Friday, May 01, 2015

River Falls, Wisconsin: John Field takes to the skies piloting his hand-crafted plane

John Field stands with his mom, Marcella Field, near the airplane he built himself, N35JF. Marcella was her son’s first passenger in the plane, once it passed a safety inspection and trial period.

Many people have dreamed of flying through the clear blue skies. Most people can only achieve that through imagination or an airline ticket.

But for John Field, taking to the skies starts with simply taking a seat behind the controls of his own airplane.

“It’s very much a sense of freedom.” Field said of flying. “I get a thrill every time I go, at least a little one.”

Field, a River Falls native, didn’t just decide to go out and buy himself a plane. A licensed pilot, with about 40 years of experience, Field built the plane himself.

He used a kit to build the RV4 airplane. The RV4 kit made by Van’s Aircraft company.

He bought the blueprints in 1987 and started working on the plane in 1990. It took 22 years to finish.

Field did most work himself, though he had help from a friend when bucking the rivets.

Field learned a lot from the building experience. He said he knew how to fly planes when he began, but not much about building them.

“Pretty much everything I did I had to learn it,” Field said. “Every new kind of thing I got into, I had to read up and study about how it was done correctly.

“I was always having to figure out how to do this or that. Like the electrical system, and the fuel system and painting.”

That’s one reason it took so long for Field to build the plane. That also allowed him to really customize the plane to himself.

Field said it has definitely been worth the 22 years of work.

“It wouldn’t be nearly as satisfying if I had just purchased it,” Field said. “I think the fact it’s kind of my creation, at least to a great extent...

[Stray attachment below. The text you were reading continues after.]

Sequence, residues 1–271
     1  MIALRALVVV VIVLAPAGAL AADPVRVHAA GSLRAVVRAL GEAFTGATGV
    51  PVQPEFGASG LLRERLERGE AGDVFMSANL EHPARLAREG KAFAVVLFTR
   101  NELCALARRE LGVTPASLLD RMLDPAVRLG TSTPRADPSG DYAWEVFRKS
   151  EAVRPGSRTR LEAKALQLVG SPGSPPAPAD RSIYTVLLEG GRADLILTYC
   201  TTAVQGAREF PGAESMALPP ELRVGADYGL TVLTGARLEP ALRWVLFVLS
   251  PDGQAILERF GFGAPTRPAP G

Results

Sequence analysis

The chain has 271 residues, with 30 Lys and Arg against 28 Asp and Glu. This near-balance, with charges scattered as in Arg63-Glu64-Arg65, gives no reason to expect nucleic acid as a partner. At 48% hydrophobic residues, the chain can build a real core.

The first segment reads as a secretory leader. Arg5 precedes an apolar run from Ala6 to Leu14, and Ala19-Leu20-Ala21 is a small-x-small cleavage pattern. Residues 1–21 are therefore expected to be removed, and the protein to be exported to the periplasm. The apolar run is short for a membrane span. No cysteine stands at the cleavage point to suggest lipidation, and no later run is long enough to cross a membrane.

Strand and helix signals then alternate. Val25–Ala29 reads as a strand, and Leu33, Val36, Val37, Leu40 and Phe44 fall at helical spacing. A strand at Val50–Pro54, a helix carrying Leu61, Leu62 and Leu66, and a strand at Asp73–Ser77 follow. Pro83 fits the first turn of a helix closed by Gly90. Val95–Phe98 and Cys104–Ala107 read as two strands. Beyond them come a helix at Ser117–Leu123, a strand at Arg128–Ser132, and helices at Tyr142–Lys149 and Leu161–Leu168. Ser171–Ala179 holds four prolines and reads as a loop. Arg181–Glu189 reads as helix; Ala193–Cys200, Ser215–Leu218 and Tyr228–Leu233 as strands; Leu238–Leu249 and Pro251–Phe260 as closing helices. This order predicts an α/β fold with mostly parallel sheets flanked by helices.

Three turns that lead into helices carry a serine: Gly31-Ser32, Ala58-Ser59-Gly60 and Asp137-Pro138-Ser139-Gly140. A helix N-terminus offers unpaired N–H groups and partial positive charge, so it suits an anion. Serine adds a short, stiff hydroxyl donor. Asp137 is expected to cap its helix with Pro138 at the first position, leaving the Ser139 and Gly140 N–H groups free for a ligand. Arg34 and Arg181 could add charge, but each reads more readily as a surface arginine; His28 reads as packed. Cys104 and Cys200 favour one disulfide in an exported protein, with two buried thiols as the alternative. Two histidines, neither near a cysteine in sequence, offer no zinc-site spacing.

“That’s probably the most satisfying, I suppose, is just having accomplished it. It was a journey more than a means to an end. It wasn’t all about having the airplane, it was about building it.”

Field finished his airplane in July 2012. After a Federal Aviation Administration (FAA) inspection, Field began an FAA-required 40-hour test phase.

“The first flight I just stayed right over the airport,” Field said. “After that you sort of carefully expand, explore and document the aircraft’s flight envelope and performance, but the design is so proven it was basically making sure I built it right.”

After a successful trial period, he was free to take passengers and go wherever he’d like. His first passenger was with his 83-year-old mother, Marcella Field.

“She’s a very amazing per-son, that’s for sure,” Field said of his mom. “She had a hard time getting in, but she en-joyed it a lot.”

Field now flies his airplane out of the New Richmond airport where he also stores it. He doesn’t fly much in winter, but over the summer he usually flies about once or twice a week.

He’s flown over River Falls, and all over Wisconsin. He’s taken his plane on trips to Madison and Arizona, with a few stops to refuel on the way.

Though Field doesn’t have to file flight plans with the FAA, he does take safety very seriously.

“Flying safely is a very complicated subject,” Field said. “I try very hard not to do stupid things while flying airplanes. Maintaining a disciplined approach to this hobby is important.”

A 1975 River Falls High School graduate, Field started learning to fly in 1976 at the Lake Elmo, Minn., airport, where he earned his private pilot’s license in 1978. But, he said, he really learned to fly while he was an F16 instructor for the U.S. Air Force.

Field, whose father George Field was a UW-River Falls chancellor (1968-85), joined the Air Force after graduating from UWRF in 1982.

He left the Air Force at the end of 1989. He later flew business jets for Dayton’s and the Target Corporation for 15 years after that.

Field’s plane has a 20-foot wingspan, weighs about 1,000 pounds empty, and has a 160- horsepower engine.

That means it can fly up to 210 miles per hour. It can go up to 17,500 feet with the oxygen system it has in place.

“It’s a fun airplane to fly,” Field said. “It’s very much a freedom that you have up there.”

The complete story can be found in the April 30 print edition of the River Falls Journal.

John Field placed a GoPro camera on the tip of his airplane’s wing during a flight to Arizona with Lora James riding as his passenger.